In view of the above circumstances, and King Ibn Saud’s far-reaching fame and prestige as a leader of the Arab World, it is difficult to believe that he would be prepared, under the present circumstances at any rate, to acquiesce in any arrangement regarding the national home for the Jews in Palestine that would be acceptable to Dr. Weizmann and the Zionists in their present state of mind.

On the other hand, bearing in mind the very friendly discussions and apparent understandings reached during the Paris Peace Conference between King Feisal and Professor Frankfurter, which unfortunately failed to materialize because the Arabs felt that promises made to them at that time had not been fulfilled, I see no reason why a fresh start at such conversations might not again be undertaken between King Ibn Saud and Dr. Weizmann, if important assurances of a political nature could be given in advance to the King. These assurances would almost certainly entail an undertaking to renounce political Zionism in the future and any thought of Jewish control over any large section of Arabs resulting from unlimited Jewish immigration into the area. Moreover, it would be dangerous to assume that Ibn Saud’s writ will run in Iraq, Syria and Egypt, where prominent public men have long since taken their stand on the Palestine question. Those leaders would have to be brought into the picture, as in the past, unless it is the intention to impose Ibn Saud on the Arab World.

By the above I do not wish to give the impression that I do not believe a practicable solution could be reached whereby greatly increased [Page 556] immigration into the Arab World might not be facilitated with the consent of the Arabs themselves. I am, on the other hand, convinced that such a modus vivendi could only be worked out along the lines suggested by Dr. Magnes of the Hebrew University in Jerusalem; namely, that in any area of the Arab World where the Jews might be admitted in large numbers, the Arabs will always be in the majority and consequently there must be established between these two Semitic races full confidence and a mutual give-and-take, rather than any thought that Jewish ascendancy can be achieved or maintained either by foreign bayonets or by the power of Ibn Saud himself.

(3) We are in possession of very precise information furnished by competent observers in the field in Saudi Arabia that Ibn Saud would not be disposed to enlarge his present dependence upon Great Britain. During the present war, he has been hard-pressed for money due to the disruption of the pilgrim traffic, and has been obliged to accept subsidies from the British which now total around ten million pounds sterling. The Arabian Peninsula is already entirely surrounded by areas under British control. Along the Arabian Gulf we have the Arab sheikdoms in close treaty relations with Great Britain. To the north we have Iraq, Transjordan and Palestine also in treaty relation with Great Britain. Along the entire western coast of the Red Sea all the areas are under British control. Along the Gulf of Aden the British are entrenched in the Aden Protectorate and in the Hadhramaut.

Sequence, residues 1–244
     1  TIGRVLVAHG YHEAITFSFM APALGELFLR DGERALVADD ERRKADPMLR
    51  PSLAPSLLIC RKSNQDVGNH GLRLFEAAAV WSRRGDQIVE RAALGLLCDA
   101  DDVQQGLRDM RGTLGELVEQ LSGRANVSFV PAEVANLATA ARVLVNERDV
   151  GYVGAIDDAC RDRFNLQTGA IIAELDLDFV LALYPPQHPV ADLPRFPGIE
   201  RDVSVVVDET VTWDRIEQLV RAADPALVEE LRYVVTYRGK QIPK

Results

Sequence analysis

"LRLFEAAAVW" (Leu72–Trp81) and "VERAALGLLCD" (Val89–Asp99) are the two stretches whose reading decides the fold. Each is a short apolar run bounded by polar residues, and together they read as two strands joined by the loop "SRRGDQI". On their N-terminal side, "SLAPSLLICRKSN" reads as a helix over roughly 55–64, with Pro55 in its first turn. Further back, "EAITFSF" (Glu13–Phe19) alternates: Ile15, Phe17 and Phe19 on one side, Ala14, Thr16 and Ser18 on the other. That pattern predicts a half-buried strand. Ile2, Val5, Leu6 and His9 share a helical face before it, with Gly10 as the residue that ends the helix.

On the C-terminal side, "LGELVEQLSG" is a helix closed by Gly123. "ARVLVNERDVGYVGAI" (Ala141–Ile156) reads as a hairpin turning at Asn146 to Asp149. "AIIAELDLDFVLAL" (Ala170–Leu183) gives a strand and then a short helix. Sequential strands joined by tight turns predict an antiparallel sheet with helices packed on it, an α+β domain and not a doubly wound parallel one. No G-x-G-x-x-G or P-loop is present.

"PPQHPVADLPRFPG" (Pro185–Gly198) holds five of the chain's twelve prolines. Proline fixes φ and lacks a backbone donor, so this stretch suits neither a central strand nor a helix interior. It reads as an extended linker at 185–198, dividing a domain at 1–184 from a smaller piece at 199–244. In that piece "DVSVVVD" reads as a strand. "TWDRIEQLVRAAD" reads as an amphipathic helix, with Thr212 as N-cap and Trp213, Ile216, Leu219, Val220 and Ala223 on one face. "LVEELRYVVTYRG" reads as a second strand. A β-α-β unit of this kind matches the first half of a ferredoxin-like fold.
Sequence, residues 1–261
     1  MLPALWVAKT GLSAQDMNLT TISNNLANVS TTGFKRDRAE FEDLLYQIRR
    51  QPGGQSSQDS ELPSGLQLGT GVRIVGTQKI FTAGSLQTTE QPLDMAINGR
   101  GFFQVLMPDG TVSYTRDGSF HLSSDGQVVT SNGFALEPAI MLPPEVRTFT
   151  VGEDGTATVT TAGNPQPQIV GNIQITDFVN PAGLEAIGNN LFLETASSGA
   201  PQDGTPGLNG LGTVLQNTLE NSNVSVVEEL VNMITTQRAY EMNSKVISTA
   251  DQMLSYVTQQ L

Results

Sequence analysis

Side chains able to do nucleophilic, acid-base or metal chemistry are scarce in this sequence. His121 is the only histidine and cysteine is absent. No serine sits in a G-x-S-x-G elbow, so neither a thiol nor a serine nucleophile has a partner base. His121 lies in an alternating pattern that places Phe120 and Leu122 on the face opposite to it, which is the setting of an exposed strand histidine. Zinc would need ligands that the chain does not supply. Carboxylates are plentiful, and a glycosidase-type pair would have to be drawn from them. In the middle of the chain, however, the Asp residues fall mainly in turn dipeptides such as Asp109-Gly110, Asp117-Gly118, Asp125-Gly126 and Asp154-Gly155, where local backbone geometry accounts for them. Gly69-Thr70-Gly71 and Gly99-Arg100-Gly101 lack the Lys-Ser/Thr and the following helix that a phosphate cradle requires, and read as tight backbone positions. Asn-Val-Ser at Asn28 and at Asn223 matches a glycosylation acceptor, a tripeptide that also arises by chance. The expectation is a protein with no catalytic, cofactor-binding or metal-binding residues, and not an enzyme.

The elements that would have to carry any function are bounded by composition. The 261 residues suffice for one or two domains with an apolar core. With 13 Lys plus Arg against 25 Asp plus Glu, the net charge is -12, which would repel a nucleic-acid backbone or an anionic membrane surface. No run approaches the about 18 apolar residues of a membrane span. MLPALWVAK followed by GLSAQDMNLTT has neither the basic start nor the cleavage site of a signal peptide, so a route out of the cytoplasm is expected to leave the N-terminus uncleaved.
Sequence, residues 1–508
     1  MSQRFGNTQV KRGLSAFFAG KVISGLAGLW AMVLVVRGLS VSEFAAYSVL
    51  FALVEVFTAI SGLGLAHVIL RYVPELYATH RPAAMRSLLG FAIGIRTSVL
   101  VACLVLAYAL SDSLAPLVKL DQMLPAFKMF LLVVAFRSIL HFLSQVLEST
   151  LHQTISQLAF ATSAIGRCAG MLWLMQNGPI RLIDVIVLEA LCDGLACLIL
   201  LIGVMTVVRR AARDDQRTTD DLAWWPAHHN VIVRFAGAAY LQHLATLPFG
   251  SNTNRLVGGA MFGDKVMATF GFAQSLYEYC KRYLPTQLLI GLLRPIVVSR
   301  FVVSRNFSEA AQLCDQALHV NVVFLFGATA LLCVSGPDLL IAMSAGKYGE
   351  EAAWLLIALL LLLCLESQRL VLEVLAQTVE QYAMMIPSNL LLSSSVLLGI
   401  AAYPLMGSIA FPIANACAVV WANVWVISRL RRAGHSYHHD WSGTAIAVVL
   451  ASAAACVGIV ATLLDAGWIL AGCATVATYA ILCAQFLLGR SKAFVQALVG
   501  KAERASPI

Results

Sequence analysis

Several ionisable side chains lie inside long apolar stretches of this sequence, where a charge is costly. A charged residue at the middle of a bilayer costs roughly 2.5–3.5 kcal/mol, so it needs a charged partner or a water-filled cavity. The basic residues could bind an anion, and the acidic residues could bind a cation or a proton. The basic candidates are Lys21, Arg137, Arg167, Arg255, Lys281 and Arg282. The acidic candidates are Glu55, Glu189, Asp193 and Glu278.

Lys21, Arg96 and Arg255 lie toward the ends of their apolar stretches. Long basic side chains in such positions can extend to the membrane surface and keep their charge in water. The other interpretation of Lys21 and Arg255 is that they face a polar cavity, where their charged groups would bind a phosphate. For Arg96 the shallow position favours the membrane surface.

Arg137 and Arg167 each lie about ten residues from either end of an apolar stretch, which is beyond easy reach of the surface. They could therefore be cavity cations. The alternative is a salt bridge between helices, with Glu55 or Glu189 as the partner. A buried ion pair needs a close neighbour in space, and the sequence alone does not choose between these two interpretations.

There are clear indications that Ibn Saud would welcome a far greater American participation in his country than exists at the present time. American oil companies have obtained and are exploiting as 100 percent American enterprises, the rich oil concessions on the island of Bahrein and at Dhahran nearby in Saudi Arabia itself.

We have at present under consideration the possibility of obtaining landing rights incidental to the present military operations in that area. Since the air routes of the future must necessarily take Saudi Arabia into account and since American civilian aviation will certainly be one of the most important in the post-war world, that is another reason why we should seek closer relations and understanding with Ibn Saud.

All in all, therefore, it seems to me that in any effort to facilitate an understanding between the Zionist and Arab leaders, such an undertaking should be a joint American-British one in order to realize any measure of success. Our reputation in the Arab World is solidly established on confidence and good faith in our motives. This is an asset no longer possessed by the British and one which they should therefore be glad to exploit jointly with us.

Wallace Murray
  1. Ante, p. 550.
  2. Not printed.
  3. Treaty of friendship signed at Jidda, May 20, 1927, League of Nations Treaty Series, Vol. lxxi, p. 131.
  4. Dated November 29, 1938; for text, see Foreign Relations, 1938, Vol. ii, p. 994; for correspondence regarding President Roosevelt’s reply in January 1939, see ibid., 1939, Vol. iv, pp. 694696.